Israel produces energy from waste

600 Million Shekels Allocated for Waste Recycling and Waste to Energy Facilities in Israel

Ministry of Environmental Protection

Updated: 12/07/2011

In November 2011, the Ministry of Environmental Protection granted 250 million shekels to private entrepreneurs and local authorities for promoting the construction of twenty facilities for the treatment of organic waste and transfer stations for sorting throughout the country. These facilities are a vital and complementing link in the implementation of the separation of waste at source program which has been introduced in Israel.

In total, some 600 million shekels (about $165 million) will be invested in the construction of recycling and waste to energy facilities over the next three years (40% by the Ministry of Environmental Protection and 60% by entrepreneurs/local authorities). The facilities will treat some 8,000 tons of waste per day, about two-thirds of the daily quantity of municipal waste which is generated in Israel.

The facilities include two phases of waste treatment:

  • Sorting of the waste into its different components in transfer stations, with recyclables going to material recovery facilities. This will increase the quantity of recycled materials and significantly decrease the quantity of landfilled waste.
  • Treatment of the organic fraction of the waste (such as food remnants), constituting some 40 percent of the municipal waste, and its transfer to:

  1. Compost facilities where the waste will be transformed into fertilizer for agriculture.
  2. Anaerobic digestion facilities where the biodegradable waste will be fermented to produce biogas for the generation of electricity. The electricity produced in these facilities will be sold to the electricity grid under preferential tariffs.

The new facilities will provide for the treatment of the waste which is separated within the framework of the separation of waste into two streams project, which is spearheaded by the Ministry of Environmental Protection. Some 31 local authorities have already joined the project and have received some 350 million shekels of aid for financing a municipal infrastructure which will make two dumpsters available for every resident, in his home and in the street.

The material recovery facilities and transfer stations will receive the waste, sort it and provide for its recycling, thereby saving some 900 million shekels worth of raw materials which were previously landfilled every year.

Environmental Protection Minister Gilad Erdan: "The world already understands that waste is a raw material in and of itself. Investing in an industry which will implement the recycling revolution and will transform waste from nuisance to resource is an economic and environmental interest. Establishing a recycling and waste to energy market will prevent unnecessary exploitation of natural resources and raw materials, thereby significantly reducing the economic costs and environmental degradation that are finally borne by the consumer."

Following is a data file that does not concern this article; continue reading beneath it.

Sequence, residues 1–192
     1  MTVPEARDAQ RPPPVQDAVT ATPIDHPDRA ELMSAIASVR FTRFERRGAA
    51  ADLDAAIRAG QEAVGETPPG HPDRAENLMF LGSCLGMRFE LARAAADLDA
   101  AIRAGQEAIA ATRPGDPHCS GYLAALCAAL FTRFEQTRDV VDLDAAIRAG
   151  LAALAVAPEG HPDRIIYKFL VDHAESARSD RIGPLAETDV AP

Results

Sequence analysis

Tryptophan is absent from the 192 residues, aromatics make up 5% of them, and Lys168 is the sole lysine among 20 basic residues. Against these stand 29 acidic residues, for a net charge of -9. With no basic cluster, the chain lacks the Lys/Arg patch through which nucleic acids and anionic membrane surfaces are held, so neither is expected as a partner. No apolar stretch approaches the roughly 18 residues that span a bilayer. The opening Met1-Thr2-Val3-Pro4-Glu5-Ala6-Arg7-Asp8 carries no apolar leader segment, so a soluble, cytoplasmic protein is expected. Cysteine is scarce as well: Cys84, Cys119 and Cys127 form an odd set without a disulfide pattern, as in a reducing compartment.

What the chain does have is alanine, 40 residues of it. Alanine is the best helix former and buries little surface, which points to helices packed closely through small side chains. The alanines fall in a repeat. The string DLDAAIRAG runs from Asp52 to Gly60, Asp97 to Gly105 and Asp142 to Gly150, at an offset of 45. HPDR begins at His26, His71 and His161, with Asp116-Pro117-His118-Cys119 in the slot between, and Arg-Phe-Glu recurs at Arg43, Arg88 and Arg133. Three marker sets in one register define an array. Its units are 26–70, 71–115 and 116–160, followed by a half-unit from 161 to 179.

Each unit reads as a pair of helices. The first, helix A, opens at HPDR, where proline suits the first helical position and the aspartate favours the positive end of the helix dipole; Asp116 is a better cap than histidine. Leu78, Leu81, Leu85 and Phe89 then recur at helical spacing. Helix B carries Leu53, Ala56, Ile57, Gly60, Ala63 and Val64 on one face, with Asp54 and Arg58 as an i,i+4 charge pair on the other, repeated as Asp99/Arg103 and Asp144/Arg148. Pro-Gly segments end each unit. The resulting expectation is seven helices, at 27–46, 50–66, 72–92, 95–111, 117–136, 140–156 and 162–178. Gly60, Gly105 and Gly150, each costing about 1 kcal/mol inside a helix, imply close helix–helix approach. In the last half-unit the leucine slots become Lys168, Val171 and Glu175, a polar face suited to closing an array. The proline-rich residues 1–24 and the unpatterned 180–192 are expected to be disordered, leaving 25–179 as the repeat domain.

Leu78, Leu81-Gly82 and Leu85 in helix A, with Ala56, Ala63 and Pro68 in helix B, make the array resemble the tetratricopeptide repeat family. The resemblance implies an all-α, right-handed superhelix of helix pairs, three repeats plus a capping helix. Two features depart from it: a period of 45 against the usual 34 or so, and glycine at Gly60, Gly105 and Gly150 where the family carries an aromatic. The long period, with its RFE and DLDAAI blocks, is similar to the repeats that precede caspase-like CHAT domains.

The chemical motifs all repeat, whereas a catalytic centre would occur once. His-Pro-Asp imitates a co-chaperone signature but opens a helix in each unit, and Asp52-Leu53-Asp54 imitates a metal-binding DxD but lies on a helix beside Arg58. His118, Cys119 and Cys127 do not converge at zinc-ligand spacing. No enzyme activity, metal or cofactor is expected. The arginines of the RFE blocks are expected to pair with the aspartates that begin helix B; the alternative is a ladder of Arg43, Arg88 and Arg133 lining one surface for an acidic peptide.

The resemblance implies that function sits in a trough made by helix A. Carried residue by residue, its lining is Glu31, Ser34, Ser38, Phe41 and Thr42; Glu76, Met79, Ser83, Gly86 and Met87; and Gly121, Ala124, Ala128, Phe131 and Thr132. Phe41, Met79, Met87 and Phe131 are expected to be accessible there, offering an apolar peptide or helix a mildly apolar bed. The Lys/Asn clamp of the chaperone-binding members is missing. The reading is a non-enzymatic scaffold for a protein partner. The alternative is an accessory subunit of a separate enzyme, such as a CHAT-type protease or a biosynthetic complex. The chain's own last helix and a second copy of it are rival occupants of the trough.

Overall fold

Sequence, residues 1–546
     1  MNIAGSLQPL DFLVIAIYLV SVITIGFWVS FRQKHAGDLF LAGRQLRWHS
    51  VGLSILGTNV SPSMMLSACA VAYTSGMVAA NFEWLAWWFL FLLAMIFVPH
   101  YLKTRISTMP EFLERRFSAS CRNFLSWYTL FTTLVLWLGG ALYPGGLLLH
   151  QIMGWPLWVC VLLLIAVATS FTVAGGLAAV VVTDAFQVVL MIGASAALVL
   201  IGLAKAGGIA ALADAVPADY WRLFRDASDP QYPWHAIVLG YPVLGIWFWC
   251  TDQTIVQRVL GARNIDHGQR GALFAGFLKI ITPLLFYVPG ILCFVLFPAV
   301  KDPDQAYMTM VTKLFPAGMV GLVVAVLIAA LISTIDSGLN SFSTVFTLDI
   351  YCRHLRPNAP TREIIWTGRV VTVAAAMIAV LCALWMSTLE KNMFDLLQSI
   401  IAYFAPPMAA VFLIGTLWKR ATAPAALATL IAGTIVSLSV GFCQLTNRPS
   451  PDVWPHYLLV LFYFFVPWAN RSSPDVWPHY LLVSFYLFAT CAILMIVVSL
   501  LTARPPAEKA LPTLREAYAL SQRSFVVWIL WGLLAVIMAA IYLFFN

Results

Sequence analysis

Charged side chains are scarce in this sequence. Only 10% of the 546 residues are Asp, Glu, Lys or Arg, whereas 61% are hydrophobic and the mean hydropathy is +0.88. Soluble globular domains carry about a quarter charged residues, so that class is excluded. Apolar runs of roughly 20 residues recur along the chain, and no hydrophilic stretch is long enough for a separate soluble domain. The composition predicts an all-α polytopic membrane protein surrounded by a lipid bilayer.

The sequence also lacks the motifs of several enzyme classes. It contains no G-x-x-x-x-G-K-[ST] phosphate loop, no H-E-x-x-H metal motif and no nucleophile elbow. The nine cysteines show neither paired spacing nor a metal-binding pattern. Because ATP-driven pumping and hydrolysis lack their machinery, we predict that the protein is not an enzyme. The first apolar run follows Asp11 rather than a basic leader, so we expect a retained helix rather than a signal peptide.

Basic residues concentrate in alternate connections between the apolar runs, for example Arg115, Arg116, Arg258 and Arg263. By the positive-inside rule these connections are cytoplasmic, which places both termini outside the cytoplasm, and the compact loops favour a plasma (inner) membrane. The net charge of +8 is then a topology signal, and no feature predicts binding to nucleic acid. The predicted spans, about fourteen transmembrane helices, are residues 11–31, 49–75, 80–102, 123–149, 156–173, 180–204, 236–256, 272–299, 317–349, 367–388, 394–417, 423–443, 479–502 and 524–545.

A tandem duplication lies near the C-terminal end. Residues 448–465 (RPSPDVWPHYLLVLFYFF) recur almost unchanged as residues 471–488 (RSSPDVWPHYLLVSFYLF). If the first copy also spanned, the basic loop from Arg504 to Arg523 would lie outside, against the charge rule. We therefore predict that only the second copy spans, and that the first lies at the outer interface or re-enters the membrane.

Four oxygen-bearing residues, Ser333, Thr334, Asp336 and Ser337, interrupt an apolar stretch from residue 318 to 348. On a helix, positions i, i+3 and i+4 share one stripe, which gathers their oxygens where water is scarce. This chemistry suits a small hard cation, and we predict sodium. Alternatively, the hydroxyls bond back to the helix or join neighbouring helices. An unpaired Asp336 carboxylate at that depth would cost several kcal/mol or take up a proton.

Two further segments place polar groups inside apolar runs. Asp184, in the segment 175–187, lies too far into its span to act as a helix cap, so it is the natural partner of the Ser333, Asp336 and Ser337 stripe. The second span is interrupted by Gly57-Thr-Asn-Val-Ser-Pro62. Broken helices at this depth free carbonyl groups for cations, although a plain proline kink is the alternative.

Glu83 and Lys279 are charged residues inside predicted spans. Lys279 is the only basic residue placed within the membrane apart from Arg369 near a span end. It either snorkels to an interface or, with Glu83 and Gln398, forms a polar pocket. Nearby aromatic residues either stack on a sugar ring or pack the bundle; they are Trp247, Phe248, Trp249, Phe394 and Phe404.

Separation of Waste at Source: Facts and Figures

  • Some 12,000 – 14,000 tons of mixed waste which originate in local authorities are generated in Israel every day, totaling some 4.4 million tons per year.
  • According to forecasts of the Ministry of Environmental Protection, the annual quantity of waste increases by 3%-5% every year.
  • The quantity of organic waste produced in Israel is estimated at a million and a half tons per year, constituting some 40% of the weight of solid waste in Israel and 10% of its volume. Most of this waste originates in food products, fruits and vegetables, etc.
  • According to the estimates of the Ministry of Environmental Protection, some 4,600 tons of municipal organic waste are generated in Israel every day. This waste has a high potential for the production of biogas in renewable energy facilities and for the creation of compost for soil improvement.

The advantages of a separation of waste into at least two streams program include environmental advantages due to the prevention of pollution, the decrease in the quantity of landfilled waste and the reduction in greenhouse gas emissions. These environmental advantages are complemented by economic benefits due to the creation of new jobs in the recycling market, savings in resources and reduced costs associated with landfilling.

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Separation of Waste at Source

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